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The Hourglass Solution: A Boomer's Guide to the Rest of Your Life Hardcover – March 10, 2009
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About the Author
Paula Forman, Ph.D., became an adjunct sociology professor after her 25-year advertising career.
They both live in the New York City area.
Actor Gary Collins's natural optimism and gee-whiz phrasing work well for some segments of this guide to aging. But his tone becomes narrow and predictable as the audio unfolds. Though his voice is enjoyable, he doesn't convey the ebb and flow of the audio's deeper themes. Maybe it's because the authors, even when they're trying to look on the bright side, dwell on the darker aspects of growing older--a message that clashes with Collins's upbeat energy. They say that mid- and late-life choices are narrowed by early-life decisions but can open up with directed effort. The audio's flow is also cluttered by comments that are attributed to the authors individually. The structural device of alternating speakers in the text doesn't work well with the audio's solo narrator. T.W. © AudioFile 2009, Portland, Maine --This text refers to an out of print or unavailable edition of this title.
Top customer reviews
desire and expect from you at the price of your own needs.
reinforced my beliefs that travel out of country is one of the most fulfilling ways to enrich your life.
shared very instructive as I plan ahead.
I would recommend this book to anyone entering the years 50, or already well into their 50's, 60's.
I believe this book can be even more of a help to younger generations. Much wisdom could be gleamed from what some "Boomers" did, or did not do, to help their own situations now in these economical times. This is a smart and practical guide - even if reading it for some "Boomers" may become a painful refection of some of their own bad choices they have already made - and the realization that there are continually less good choices that they can still make that will impact them in the future.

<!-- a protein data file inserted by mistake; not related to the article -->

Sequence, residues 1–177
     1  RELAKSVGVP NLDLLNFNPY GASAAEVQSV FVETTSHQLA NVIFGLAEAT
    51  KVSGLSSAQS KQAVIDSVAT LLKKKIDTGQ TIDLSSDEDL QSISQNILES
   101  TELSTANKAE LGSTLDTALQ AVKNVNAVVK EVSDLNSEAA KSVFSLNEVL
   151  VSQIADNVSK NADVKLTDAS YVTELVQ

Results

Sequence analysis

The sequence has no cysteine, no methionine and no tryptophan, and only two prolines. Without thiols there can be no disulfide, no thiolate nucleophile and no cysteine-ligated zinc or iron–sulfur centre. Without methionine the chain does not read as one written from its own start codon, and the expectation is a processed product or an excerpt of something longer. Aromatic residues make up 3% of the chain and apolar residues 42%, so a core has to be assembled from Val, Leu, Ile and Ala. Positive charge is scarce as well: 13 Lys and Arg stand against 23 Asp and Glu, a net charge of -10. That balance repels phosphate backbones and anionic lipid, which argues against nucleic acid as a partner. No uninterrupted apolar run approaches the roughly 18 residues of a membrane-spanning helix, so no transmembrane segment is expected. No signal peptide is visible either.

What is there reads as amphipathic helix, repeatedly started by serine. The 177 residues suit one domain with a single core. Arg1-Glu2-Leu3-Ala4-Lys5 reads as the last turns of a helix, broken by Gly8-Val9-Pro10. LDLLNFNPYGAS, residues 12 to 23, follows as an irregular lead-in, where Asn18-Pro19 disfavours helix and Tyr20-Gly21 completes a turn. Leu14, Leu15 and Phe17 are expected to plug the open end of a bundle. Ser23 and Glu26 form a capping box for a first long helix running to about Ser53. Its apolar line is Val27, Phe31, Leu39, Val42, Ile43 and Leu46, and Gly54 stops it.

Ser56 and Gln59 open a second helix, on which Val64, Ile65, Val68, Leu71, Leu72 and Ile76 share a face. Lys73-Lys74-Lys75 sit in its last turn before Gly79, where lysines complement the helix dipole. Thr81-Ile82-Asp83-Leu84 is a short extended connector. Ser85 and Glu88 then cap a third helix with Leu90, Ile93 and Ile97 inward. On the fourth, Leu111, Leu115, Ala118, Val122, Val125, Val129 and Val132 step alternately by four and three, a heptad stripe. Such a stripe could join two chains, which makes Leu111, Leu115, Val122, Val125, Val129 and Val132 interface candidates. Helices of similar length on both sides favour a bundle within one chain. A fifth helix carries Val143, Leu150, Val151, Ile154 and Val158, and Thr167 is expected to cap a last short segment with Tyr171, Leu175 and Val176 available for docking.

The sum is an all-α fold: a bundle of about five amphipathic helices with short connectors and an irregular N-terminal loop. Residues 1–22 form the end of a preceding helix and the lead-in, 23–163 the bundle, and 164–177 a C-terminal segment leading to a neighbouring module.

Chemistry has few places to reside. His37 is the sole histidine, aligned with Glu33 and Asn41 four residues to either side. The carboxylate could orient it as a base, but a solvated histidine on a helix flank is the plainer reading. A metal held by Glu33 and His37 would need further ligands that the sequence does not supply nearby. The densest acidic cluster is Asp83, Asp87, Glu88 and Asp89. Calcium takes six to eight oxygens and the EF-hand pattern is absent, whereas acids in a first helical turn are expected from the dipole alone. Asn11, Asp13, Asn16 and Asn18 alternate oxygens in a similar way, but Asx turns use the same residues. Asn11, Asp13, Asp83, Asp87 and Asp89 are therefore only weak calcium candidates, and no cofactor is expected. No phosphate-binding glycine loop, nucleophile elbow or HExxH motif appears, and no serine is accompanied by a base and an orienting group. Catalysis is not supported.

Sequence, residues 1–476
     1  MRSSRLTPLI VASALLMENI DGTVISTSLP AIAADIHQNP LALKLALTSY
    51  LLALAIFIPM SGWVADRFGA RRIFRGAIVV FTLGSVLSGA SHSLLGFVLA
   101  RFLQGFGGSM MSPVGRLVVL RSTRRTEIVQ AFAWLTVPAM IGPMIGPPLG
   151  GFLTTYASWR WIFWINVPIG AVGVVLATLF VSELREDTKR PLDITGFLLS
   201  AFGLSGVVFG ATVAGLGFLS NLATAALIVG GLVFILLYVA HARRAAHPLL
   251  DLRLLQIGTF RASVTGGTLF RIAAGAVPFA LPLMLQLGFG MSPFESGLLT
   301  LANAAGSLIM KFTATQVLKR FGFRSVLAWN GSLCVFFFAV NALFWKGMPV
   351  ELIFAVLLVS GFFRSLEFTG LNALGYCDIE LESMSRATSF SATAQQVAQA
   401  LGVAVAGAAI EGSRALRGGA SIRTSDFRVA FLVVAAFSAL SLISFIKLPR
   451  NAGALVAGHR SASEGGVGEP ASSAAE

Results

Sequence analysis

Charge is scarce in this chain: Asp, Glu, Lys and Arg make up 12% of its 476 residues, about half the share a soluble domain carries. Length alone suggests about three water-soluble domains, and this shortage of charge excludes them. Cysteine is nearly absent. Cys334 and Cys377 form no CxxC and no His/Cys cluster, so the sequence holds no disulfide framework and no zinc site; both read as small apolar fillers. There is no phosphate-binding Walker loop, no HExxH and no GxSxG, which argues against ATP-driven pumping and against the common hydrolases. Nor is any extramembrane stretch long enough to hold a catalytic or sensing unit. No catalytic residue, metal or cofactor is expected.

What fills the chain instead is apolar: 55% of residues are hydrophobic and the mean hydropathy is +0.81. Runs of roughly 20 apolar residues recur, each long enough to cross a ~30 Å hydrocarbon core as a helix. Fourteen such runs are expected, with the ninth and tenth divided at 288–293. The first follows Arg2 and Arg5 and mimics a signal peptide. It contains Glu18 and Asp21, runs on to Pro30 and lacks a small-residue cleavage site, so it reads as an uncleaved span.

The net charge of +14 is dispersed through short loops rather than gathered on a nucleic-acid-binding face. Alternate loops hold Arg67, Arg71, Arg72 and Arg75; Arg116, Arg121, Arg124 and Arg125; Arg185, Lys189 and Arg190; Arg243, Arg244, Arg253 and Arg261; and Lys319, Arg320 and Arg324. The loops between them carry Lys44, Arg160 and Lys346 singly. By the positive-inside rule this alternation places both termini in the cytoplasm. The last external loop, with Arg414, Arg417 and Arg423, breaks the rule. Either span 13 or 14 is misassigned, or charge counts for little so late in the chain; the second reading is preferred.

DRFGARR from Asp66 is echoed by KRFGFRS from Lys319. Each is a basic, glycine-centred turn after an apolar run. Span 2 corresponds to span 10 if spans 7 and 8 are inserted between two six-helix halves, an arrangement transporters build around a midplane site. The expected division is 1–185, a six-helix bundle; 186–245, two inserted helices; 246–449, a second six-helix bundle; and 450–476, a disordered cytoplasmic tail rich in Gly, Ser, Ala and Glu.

The book is written well, and keeps the reader engaged. I liked the format with the "conversations" between the authors. I think that enhances the presentation of the facts and ideas. I found this book reminding me of a long ago written book called "Passages" in a positive and supportive way. I think this would be a thoughtful gift for anyone with "Boomer" parents, or friends, or for themselves. There is something of value here for all readers even much younger ones.
While this may sound too heavy and academic, the book is neither. The authors have succeeded in presenting their theory and back-up information in a very accessible and entertaining manner. It is an easy and enjoyable read. Their plentiful use of real life examples makes the issues come to life and allows the reader to personally identify with others in similar transitions.
This book is a good place to start for those boomers stuck in transition due to a workplace boot to the gut, a divorce or just a lingering unhappiness. Hearing of others in similar situations and how they worked through the hourglass can provide the motivation to start the process.
My only criticism is that while the book provides a starting point, it is lacking in providing concrete exercises or a methodology for getting unstuck. For some this book alone may do the trick, for others they will need additional written or face-to-face help working through the hourglass.
But I also have to declare that my friendship has not swayed my view of this book, which is that it's a highly readable, well researched, acutely insightful piece of writing that nails the situation that many of us have found ourselves in: a series of well-intentioned and strategically sound life decisions have delivered us to a point where we're 'stuck'.
We're not unhappy, but we're not happy either. We're proud of our jobs or our families, or our relationships, but if we're honest, they're not as satisfying as we imagined they would be when we made those decisions.
This book gives us the courage to make the break and get unstuck. To make radical change and liberate ourselves from life-tracks that have rendered ourselves choice-less and made us a little less vital.
I refer to it almost daily in conversations with friends and colleagues who are in this trap: smart, aware, 45+ men and women who have a faint aura of disappointment about them. You should read it.